Rather than give A.G. Edwards awards we should be shaming them and their long term architects, Raymond E. Maritz & Sons, into changing their ways. This is unlikely to happen. Instead, city life will naturally avoid this vacuum. East of Jefferson a wonderfully urban area is blossoming along both Locust & Washington Ave – extending all the way East of Tucker. West of Jefferson life is quickly emerging along Locust. A small real estate developer on Locust has done more in two years to generate life than Edwards has done in over 30 years at the current location.

Predictable St. Louis Biz Journal Story from 2001

Holy Cross Lutheran Church for the Deaf – razed for latest Edwards building

11/25; St. Louis – Who is at fault?
12/1; SEC & USPS Blamed for AG Edwards’ anti-urban headquarters campus

Agree? Disagree? Post your comments below…


Currently there are "15 comments" on this Article:

  1. Anjana says:

    Hey, you’ve enabled comments!

    There are several problems that keep a development like this from reaching it’s potential in the urban realm

    1) Lack of urban education

    2) Bottom line competitive bidding

    3) Lack of education regarding design

    4) Lack of education regarding landscaping

    5) Lack of education regarding sustainability & environmental responsiveness.

    That last one is a product of ARCHITECTURAL cultures, mind you, from past times. IE, it is OUR fault! The fault of designers for being so persuasive about the “International Style”. Phillip Johnson, and Mies van der Rohe did a great job convicing the populace of the glories of an international architectural tradition. That buildings are architecture can exist regardless of the environmental or contextual realities they exist in. Aando attempts the same thing even today.

    Certainly it is cheaper to DESIGN in this manner (more expensive to build AND maintain), transporting identical designs across the globe. With the advent of climate control technology, it not only became possible, but a statement of prestige to make it happen. Nevermind the energy inefficiences of maintaining perfect lawns or huge glass facades facing West!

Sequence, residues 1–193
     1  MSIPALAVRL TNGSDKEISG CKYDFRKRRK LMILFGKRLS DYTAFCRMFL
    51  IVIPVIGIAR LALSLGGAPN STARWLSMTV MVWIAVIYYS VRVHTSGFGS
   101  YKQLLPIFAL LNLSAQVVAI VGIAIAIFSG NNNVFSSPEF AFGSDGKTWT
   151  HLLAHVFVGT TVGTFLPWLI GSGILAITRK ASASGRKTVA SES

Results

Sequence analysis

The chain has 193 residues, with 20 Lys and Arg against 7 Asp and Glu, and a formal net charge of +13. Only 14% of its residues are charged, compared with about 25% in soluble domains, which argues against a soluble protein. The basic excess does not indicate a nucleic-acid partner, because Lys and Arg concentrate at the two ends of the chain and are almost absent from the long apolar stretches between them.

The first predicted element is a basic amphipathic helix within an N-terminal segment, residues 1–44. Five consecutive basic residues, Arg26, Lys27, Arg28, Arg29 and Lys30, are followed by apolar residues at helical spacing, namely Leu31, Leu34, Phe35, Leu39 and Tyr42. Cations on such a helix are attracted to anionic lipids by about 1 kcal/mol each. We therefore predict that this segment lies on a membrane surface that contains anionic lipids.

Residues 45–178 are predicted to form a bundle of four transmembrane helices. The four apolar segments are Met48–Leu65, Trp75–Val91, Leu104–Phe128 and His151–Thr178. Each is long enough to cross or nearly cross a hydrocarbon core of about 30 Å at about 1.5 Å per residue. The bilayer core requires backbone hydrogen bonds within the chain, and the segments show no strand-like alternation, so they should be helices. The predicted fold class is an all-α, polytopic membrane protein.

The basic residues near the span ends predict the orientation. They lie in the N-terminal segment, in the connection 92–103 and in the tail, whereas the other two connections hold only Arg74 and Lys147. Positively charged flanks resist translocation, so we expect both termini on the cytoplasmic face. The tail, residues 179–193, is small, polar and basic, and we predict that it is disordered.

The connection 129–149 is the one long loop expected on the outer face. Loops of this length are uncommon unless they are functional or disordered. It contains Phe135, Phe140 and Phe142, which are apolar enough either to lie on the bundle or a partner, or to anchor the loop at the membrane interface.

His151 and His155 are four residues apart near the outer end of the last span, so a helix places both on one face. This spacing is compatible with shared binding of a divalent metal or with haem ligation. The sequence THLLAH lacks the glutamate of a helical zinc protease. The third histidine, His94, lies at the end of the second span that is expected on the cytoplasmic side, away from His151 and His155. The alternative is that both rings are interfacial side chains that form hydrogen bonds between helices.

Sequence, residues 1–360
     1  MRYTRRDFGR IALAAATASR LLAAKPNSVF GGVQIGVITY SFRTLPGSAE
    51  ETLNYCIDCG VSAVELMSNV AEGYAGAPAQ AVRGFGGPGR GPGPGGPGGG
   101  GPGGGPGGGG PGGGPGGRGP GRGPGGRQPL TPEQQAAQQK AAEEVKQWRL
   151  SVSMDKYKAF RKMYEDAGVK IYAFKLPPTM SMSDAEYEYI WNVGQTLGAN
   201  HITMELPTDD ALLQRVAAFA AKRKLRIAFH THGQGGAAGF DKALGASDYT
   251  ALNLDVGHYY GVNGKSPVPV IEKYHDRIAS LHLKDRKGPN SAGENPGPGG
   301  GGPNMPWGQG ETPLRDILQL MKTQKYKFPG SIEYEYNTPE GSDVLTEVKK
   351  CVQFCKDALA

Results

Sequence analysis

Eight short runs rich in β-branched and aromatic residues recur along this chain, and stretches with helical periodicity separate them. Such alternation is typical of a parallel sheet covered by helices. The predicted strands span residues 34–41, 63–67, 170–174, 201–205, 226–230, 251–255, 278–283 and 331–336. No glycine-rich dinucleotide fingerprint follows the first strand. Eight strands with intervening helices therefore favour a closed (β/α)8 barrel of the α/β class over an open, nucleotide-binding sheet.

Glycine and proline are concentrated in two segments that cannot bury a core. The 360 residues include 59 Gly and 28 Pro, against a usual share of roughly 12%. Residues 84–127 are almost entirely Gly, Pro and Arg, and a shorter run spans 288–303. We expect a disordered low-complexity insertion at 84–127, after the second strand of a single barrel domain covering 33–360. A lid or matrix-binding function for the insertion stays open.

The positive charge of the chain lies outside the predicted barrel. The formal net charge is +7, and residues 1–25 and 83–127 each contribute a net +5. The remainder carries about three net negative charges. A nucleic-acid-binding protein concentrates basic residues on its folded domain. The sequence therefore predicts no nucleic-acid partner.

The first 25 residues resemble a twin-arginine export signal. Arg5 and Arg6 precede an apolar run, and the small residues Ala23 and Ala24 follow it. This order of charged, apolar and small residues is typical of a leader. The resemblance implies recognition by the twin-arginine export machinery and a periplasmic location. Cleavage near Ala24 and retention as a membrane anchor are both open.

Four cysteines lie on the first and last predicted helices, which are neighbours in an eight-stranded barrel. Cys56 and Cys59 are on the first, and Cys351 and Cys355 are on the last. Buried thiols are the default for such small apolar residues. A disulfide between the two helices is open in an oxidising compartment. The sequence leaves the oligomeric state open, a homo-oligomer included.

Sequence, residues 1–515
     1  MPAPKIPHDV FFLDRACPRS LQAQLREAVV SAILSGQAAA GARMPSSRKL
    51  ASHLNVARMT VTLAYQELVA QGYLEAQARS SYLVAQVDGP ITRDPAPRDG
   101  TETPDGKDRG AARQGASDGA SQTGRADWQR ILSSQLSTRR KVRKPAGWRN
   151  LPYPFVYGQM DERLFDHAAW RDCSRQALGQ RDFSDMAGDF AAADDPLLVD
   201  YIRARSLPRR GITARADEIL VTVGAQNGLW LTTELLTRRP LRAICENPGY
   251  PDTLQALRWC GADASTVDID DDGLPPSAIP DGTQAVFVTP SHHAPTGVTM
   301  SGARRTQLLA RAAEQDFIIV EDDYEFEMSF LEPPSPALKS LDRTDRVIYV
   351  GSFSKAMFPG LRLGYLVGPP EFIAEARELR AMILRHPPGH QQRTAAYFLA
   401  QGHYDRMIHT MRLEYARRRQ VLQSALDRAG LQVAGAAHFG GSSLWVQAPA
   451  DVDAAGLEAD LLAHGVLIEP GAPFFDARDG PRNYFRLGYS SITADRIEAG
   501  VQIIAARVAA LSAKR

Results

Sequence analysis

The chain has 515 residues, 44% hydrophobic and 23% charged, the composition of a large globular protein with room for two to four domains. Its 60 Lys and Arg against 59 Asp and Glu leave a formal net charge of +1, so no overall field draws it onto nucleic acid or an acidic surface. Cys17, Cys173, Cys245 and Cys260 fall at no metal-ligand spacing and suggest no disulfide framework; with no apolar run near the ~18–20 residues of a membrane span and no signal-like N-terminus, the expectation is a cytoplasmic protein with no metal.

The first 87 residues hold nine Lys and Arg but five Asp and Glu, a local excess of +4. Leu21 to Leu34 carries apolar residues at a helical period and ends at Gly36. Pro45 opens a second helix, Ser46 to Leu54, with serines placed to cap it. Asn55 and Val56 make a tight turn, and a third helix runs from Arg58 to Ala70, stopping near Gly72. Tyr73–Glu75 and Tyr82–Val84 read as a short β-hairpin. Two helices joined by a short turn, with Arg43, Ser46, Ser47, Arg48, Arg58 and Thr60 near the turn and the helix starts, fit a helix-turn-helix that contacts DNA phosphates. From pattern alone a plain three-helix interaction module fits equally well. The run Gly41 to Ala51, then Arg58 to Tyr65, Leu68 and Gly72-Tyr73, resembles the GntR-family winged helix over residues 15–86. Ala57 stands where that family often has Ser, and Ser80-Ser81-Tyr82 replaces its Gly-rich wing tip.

Since Design itself is badly understood, people don’t value a full and functional design process (let’s not mention the last place we saw this struggle!), and want to cut it short.

    Design itself is such a an abstract entity that the factors that are used to judge a design are totally flawed (as you’ve pointed out). If this is the case, and EVEN the majority of designers are so short sighted as to NEVER look back on their design and re-evaluate it after 10 years of use, then where does good design have a chance to emerge ?

    I would say that a lot of the problems in the American urban (and architectural) environment are products of the problems of the process itself, lack of education and the bottom dollar mentality. The American emphasis on productivity and efficiency is narrow minded and myopic. European studies such as efficiency improvements of the worker based on qualititative improvements to his/her surroundings have been pooh poohed even by the educated.

    Yes, I hate those stupid manicured lawns (in front of homes as much as in the undesigned niches left behind from bad designs of office plazas). They are ridiculous looking 3 dimensional pictures that have a low value to cost to maintain ratio.

    And I think your critical comments should be more pervasive in the buzz of reviews for people to slowly change their standards about what is good and what is not.

  2. Michael says:


    I agree with your critique, and am glad that someone else has the courage to argue against the AG Edwards campus design, rather than apologize for it by saying that the city needs AG Edwards so badly it can let them fuck up all of west downtown, as most people do. (Not that you are most people, though!) I didn’t know about the Ewing Street set-up; seems like it — and the whole campus — would make a great addition to EOA as an “abandoned place.”


    I don’t fault Mies as much as I fault his talentless imitators. Mies van der Rohe had radical ideas about urban buildings, but he was also a prservationist who lent his name and prestige to many preservation groups in Chicago during that city’s demolition crisis of the 1960’s.

    I have to say, though, that Ando’s Pulitzer infuriates me: http://eco-absence.org/text/rft121901.htm

  3. Claire says:

    I read this while sitting at the University of Illinois at Chicago campus, another big ole campus that sits just to the west of a city’s downtown, forming a conveinient barrier between downtown and all the low-income people of color who live in neighborhoods and large-scale public housing projects nearby.

    Like the A.G. Edwards campus, UIC has darkly tinted windows that don’t open and hard-to-find doors. Large fences surround parts of the campus for no apparent reason (Those ugly, nastily plain things sure weren’t put in for their looks.). The campus turns its back on the surrounding community.